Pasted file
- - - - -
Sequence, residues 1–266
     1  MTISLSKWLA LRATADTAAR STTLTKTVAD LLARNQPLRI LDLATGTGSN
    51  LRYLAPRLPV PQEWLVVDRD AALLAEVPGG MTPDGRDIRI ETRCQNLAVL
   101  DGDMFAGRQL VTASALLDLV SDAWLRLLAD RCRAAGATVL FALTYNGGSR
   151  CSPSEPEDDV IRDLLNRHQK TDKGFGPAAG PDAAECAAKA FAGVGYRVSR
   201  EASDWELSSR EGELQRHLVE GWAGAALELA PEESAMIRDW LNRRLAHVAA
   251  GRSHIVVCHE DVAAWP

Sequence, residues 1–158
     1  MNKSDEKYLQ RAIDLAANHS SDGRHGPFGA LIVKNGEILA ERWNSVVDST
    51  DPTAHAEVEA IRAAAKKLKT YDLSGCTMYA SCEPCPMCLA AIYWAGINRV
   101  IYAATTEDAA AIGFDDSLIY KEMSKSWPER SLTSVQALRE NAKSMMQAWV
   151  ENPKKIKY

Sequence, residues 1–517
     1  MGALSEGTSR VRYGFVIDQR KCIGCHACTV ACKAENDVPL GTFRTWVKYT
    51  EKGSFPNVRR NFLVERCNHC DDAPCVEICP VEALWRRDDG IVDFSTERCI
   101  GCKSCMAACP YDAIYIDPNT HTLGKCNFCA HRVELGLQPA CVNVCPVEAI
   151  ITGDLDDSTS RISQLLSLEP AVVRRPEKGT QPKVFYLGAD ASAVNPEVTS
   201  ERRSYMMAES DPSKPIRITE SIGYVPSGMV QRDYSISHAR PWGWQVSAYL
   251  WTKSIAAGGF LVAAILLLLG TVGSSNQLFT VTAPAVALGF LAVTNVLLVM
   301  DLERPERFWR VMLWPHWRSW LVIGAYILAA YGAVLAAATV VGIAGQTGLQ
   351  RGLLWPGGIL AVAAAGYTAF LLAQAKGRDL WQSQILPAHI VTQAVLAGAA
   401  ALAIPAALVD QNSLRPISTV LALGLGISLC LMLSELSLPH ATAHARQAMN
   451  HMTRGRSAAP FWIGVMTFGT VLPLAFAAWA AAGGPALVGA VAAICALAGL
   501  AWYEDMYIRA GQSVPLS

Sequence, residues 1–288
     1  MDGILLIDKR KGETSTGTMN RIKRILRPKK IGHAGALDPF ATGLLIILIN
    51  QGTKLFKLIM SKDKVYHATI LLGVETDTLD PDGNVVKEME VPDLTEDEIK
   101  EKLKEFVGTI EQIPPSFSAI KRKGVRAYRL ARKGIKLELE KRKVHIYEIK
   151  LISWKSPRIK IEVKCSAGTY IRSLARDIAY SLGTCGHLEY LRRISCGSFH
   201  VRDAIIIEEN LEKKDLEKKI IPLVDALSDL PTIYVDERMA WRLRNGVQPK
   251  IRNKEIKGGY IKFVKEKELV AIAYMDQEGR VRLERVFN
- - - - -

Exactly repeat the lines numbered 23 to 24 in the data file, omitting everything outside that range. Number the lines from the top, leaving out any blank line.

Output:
   451  HMTRGRSAAP FWIGVMTFGT VLPLAFAAWA AAGGPALVGA VAAICALAGL
   501  AWYEDMYIRA GQSVPLS